London: British Prime Minister David Cameron stands by a pledge to make "a profound apology" after his former media chief Andy Coulson was found guilty of being part of a phone-hacking conspiracy, the British leader`s spokesman said on Tuesday.
Political opponents have long questioned Cameron`s judgment in hiring Coulson in 2007 after he resigned the editorship of Rupert Murdoch`s now defunct News of the World newspaper when two of its employees were jailed for phone-hacking.
Coulson denied wrongdoing at the time, but Ed Miliband, the leader of the opposition Labour party, said in 2011 it was "a catastrophic error of judgment" for Cameron to have hired Coulson and demanded he apologise for doing so.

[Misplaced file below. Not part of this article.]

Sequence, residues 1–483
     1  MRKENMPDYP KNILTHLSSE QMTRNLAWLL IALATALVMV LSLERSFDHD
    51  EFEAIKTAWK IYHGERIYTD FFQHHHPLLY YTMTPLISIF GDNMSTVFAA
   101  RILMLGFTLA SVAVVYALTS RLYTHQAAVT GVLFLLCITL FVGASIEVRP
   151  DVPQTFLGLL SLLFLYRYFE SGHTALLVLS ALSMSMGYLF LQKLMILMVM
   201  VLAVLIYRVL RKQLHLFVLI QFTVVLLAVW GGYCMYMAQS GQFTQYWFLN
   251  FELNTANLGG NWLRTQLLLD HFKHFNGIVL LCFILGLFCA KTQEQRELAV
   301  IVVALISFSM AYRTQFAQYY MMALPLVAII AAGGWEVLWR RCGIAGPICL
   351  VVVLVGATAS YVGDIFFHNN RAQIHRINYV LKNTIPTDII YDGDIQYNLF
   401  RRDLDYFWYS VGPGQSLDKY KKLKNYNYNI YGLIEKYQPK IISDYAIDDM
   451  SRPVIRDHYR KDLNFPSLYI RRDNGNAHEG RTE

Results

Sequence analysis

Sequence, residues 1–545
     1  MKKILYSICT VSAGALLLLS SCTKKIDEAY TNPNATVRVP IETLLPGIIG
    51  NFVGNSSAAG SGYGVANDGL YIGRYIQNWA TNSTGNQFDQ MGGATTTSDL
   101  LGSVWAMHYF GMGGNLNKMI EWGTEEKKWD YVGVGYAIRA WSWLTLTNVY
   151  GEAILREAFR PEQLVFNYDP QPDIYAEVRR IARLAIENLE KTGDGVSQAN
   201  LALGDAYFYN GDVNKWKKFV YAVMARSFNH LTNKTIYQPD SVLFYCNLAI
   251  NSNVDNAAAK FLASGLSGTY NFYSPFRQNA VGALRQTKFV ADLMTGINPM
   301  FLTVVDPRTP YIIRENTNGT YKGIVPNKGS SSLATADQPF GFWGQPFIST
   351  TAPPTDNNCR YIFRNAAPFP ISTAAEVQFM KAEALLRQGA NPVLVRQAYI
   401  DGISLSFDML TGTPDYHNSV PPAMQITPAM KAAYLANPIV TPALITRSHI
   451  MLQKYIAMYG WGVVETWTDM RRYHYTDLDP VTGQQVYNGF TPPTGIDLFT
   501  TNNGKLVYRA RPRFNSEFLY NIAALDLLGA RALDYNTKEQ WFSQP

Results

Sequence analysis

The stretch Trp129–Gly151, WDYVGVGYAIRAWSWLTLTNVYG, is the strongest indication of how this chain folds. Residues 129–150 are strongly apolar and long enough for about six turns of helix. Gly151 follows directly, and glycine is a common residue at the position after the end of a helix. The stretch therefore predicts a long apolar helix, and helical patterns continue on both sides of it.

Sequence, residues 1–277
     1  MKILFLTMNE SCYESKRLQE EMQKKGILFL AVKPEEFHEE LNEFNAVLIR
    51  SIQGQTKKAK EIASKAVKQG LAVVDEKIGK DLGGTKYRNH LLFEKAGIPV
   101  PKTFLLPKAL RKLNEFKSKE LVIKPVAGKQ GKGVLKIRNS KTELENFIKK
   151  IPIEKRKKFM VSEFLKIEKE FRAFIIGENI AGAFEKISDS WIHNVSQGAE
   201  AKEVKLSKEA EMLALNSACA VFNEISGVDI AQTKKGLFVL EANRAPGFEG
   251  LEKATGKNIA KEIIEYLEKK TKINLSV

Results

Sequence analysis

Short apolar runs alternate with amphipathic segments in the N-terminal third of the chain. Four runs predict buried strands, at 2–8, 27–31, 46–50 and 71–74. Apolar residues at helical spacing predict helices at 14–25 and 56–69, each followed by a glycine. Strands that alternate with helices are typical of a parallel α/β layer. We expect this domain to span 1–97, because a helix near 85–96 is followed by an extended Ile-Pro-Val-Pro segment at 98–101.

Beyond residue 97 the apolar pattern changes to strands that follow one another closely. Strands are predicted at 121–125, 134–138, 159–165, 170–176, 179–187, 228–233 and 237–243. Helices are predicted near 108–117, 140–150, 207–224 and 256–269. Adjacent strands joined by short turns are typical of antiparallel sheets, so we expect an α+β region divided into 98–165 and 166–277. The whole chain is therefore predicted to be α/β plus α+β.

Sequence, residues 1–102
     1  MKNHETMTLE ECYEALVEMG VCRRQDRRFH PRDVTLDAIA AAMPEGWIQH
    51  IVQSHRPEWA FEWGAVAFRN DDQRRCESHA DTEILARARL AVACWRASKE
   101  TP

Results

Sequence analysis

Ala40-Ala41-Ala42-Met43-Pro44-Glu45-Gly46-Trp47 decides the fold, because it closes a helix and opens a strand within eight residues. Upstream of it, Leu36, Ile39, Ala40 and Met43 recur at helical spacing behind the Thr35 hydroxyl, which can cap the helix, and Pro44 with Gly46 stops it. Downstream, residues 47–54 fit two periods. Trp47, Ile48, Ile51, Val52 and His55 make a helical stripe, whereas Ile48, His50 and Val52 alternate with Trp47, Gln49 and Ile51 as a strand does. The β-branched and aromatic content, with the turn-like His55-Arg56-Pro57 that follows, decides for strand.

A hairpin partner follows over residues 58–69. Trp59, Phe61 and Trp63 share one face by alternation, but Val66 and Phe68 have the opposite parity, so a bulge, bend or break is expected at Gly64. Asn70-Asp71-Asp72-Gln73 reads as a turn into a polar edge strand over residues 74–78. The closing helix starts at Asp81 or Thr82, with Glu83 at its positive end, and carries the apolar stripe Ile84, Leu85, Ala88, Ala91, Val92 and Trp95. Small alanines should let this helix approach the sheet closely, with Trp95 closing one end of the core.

Even some of Cameron`s allies at the time warned him against collaborating with Coulson as lurid news stories about the tabloid newspaper he used to run circulated.
Cameron told parliament in 2011 he would make an apology if it turned out that Coulson had lied to him and did know about phone hacking.
When asked on Tuesday whether Cameron was standing by his pledge to apologise, a spokesman for Cameron told reporters: "The prime minister`s words as given to parliament stand entirely."